Wake County's top prosecutor faces fire from frustrated families over police accountability

Joel Brown Image
Friday, September 24, 2021
Community demands justice, accountability after wrongful drug charges
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In a meeting with the Wake County District Attorney, community members demanded justice for those wrongfully convicted.

RALEIGH, N.C. (WTVD) -- Wake County District Attorney Lorrin Freeman found herself in the hot seat, Thursday night, facing a crowd at a criminal justice forum at Chavis Community Center.

The crowd was filled with community members who have been personally or have family members impacted by Wake's criminal justice system. Many called it unfair and inequitable for people of color.

Robin Mills said it the loudest.

"We're out here pussy-footing around topics when the reality is it's real in the field right now," Mills said to Freeman at the forum. "I almost lost my son for a minimum of 7 and a half years for nothing!"

Freeman responded, "I respect very much what you have been through and I regret that."

Mills' son was one of the at least 15 Raleigh defendants wrongfully charged with trafficking heroin between December 2019 and May 2020. They sat in jail for months on high-dollar bonds. They were allegedly framed by a criminal informant who told Raleigh police detective Omar Abdullah that the men were drug dealers.

The problem: the drugs were fake. The CI was indicted last month for lying to police. But Mills and many in the room at Chavis demanded to know what about Detective Abdullah; where's the police accountability?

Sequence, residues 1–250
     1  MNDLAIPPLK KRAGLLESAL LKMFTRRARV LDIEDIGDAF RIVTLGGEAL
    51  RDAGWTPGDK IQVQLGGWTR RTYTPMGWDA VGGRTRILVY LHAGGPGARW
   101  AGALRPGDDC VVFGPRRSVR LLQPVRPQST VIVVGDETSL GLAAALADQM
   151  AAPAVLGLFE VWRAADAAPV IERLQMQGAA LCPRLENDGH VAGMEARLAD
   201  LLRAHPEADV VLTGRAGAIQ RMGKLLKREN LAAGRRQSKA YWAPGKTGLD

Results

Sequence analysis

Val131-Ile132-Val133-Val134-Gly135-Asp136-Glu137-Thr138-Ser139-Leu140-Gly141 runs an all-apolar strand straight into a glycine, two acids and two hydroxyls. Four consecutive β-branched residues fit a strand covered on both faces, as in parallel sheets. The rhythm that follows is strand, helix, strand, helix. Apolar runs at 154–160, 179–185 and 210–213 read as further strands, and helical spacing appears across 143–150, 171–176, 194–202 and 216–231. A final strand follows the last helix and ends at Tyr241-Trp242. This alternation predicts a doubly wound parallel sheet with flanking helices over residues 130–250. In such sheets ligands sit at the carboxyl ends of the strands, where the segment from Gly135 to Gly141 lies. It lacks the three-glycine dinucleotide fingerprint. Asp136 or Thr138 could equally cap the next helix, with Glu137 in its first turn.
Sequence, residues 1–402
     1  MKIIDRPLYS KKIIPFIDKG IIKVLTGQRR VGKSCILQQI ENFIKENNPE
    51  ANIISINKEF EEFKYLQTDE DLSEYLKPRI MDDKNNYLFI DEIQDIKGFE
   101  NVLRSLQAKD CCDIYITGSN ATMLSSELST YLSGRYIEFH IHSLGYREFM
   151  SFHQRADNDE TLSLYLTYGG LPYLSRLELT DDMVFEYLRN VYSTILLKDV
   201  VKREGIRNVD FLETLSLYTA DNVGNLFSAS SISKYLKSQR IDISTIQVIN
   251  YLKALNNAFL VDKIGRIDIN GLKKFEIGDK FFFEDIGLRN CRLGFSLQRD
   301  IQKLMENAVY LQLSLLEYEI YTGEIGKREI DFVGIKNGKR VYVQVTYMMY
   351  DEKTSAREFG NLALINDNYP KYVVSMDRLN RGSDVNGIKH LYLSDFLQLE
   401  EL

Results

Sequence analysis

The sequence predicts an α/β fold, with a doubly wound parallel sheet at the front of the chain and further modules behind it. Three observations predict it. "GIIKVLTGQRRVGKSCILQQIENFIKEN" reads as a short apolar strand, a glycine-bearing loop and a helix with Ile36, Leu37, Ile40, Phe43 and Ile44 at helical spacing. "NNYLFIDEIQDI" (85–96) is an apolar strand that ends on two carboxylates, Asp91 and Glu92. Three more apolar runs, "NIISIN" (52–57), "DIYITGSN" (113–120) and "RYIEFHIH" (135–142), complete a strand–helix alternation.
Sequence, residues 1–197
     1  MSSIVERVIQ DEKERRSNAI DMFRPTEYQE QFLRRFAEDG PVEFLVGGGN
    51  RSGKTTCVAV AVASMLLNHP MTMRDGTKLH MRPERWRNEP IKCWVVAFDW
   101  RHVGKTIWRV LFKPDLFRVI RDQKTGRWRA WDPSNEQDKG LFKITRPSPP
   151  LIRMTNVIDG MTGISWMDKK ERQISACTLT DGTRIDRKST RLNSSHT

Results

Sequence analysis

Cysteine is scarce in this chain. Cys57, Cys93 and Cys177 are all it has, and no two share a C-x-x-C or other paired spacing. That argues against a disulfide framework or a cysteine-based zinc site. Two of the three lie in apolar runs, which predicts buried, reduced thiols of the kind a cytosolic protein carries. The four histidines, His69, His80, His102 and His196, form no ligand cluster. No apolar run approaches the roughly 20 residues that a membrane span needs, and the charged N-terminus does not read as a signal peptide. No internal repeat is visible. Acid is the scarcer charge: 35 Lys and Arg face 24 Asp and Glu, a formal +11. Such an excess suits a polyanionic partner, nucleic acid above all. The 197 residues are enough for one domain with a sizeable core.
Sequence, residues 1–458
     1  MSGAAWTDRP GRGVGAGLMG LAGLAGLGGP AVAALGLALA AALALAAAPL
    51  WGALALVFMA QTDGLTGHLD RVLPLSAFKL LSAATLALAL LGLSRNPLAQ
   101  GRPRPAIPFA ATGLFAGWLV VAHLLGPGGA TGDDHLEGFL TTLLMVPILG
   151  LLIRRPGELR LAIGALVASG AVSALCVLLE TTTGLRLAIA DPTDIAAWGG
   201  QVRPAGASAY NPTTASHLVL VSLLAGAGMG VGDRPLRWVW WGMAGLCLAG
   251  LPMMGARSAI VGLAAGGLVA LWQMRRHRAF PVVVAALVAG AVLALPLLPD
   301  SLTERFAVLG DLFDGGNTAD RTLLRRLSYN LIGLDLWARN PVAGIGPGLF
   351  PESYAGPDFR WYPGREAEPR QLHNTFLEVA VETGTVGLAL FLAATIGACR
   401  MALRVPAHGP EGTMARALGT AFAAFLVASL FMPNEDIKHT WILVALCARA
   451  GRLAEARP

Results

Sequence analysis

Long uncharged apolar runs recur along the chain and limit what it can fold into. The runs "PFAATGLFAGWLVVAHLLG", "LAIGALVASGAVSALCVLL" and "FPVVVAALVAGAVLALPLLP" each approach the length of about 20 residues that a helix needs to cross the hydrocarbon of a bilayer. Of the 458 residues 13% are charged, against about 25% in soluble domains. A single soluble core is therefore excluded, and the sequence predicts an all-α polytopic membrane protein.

"When Officer Omar Abdullah met the CI years ago, the first time, it was because the dude sold him fake drugs," Mills said. "And if he got duped and fooled, what does that say for Raleigh PD?!"

Freeman answered, "Let me just say, first and foremost, that anybody wrongly charged is a nightmare for any prosecutor."

Detective Abdullah remains on leave from Raleigh Police Department. But Freeman declined to prosecute the officer who was once honored as Raleigh Police Employee of the Year.

"Just because we may not end up with sufficient evidence in a case to prosecute someone, it's not the same thing as me saying that everything was done the way it should have been," Freeman said.

Raleigh criminal justice reform activists Kerwin Pittman and Kimberly Muktarian sat on the panel as well.

"This is disgusting. This is disheartening," Pittman said about the fake drug cases and lack of police prosecution.

Muktarian added, "Our people are dying and you don't have enough resources or the heart to prosecute bad cops. But I would do it for free!"

Damon Chetson, who joined the panel and has plans to challenge Freeman in next year's district attorney election blamed bad policy in the prosecutor's office.

"This is the policy. It's one page," Chetson said. "Mecklenburg County has a 14-page policy that lays out when the prosecutors have to turn over evidence that the police have lied or behaved improperly."

A federal lawsuit was filed against Detective Abdullah, RPD and the City of Raleigh. It was filed by 12 of the defendants wrongfully jailed. That case is ongoing right now.

Tonight's forum was organized by Emancipate NC.